The most embarrassing aspect of the U.S.’s Ryder Cup loss this weekend might be that the usual excuses don’t apply. Nobody can honestly say that the Americans don’t care about international team competition, or that the best players decided not to go.
The truth is that the U.S. brought its best team to Oakland Hills and still managed to get throttled by the worst margin in the 77-year history of the Ryder Cup.
On paper, it makes absolutely no sense. With a team replete with smokers and guys who train by lifting pints, it would seem like the Europeans would be better equipped to beat their counterparts in a case race than in any athletic endeavor.
The players’ individual records tell the same story. On the American side, five players have combined to win a total of 12 major championships. The entire European squad is stuck at nil.
Among the 12 players on the American side, three were ranked among the top 10 in the world rankings. Eight resided within the top 20, and all except Fred Funk were counted among the top 40 players. On the European side, half of the team was ranked outside the top 40. When you really think about it, with Americans representing half of the world’s top 40 players, the U.S. should have been able to form two teams capable of destroying the Europeans.
Instead, the U.S. was blown out of the water on day one. And, despite making noise early on Saturday and Sunday, the team never really had a chance. Whose fault is it?
Everyone seems to be saying that the Americans just didn’t play well. But really, the U.S. NEVER plays well in the Ryder Cup. If not for the miracle at The Country Club in 1999, the Europeans would be working on five consecutive victories.
There is just something about this event that fazes Americans and brings the best out of the continentals. How else can you explain the disparity between talent and results? On Friday, the U.S.’s top pairing of Tiger Woods and Phil Mickelson bombed like “Gigli.” Meanwhile, Colin Montgomerie went 3-1 to improve his all-time record to 19-8-5. Which is great, except for the fact that ol’ Monty is not actually good at golf.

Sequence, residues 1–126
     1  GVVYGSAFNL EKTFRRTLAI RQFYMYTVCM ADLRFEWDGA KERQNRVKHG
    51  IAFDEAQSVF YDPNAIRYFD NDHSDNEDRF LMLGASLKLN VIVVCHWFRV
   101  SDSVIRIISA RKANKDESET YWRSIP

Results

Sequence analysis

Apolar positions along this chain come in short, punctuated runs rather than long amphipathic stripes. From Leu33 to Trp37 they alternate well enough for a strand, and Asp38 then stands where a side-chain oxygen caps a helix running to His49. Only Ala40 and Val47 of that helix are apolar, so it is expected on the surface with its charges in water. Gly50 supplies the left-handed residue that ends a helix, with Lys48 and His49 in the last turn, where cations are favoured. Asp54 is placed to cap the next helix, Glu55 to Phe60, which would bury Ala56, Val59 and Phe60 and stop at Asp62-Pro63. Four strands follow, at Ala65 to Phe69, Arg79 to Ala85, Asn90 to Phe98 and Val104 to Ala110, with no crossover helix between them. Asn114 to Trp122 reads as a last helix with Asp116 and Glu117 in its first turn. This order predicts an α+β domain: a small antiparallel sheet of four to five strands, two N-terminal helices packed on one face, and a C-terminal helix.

Seriously, if you gave him a lead on the final day of a major, which was not an entirely infrequent scenario in the 1990s, you could confidently bet Monty’s rather substantial weight in gold that he would choke. But, put him in the Ryder Cup, and he plays how God would, or how Tiger (7-11-2 in four Ryder Cups) should play.
Overall, the results over the last decade have demonstrated that this weekend’s result was not a fluke. It’s a trend. Everyone has to accept that while America has the best golfers, Europe is just better at the Ryder Cup. And the Europeans’ money is worth more now, too.
In many ways, the Ryder Cup team’s disappointment mirrors the other major American sports debacle of the last month: Olympic basketball. Yes, the U.S. team would have been helped by Shaq, T-Mac, Garnett, anyone who has ever played point guard beyond the middle school level, or any shooter. Also, bizarre rules like, “Every time Tim Duncan blocks a shot, it’s a foul” certainly hurt the cause.
Still, the Americans had by far the most talented group, including the world’s best player. As loaded as Team USA was, it proved impossible to compensate for the fact that the other national teams had been playing together for years. Squads like Italy and Argentina were just better “teams.”
Team chemistry is all too often overlooked in sports. Obviously, I’m a complete sap for stuff like this, but some people view it as a cliche or a joke.
In baseball especially, it seems like all the intangibles of teams are being replaced with Moneyball. Analysts might say that the Red Sox turned their season around because Theo Epstein studied the range factor numbers for Orlando Cabrera and Doug Mientkiewicz and knew each would help prevent runs. Numbers can be insightful, and upgraded infield defense has definitely been huge for Boston. But I still haven’t seen a formula that explains that if A-Rod simply had walked to first base after being beaned on July 24, the Red Sox would be 10 and a half games out. I’m sure Bill James is working on it though.
Last weekend, it definitely meant something that Lee Westwood and Sergio Garcia were always reading putts together, while Tiger and Phil wanted nothing to do with each other. As tight as the Europeans looked, it’s hard to remember that they’re actually not from the same country.
If for really nothing else, the Ryder Cup is a great example of what can make team sports so special. A team can be greater or lesser than the sum of its parts and chemistry has a lot to do with it.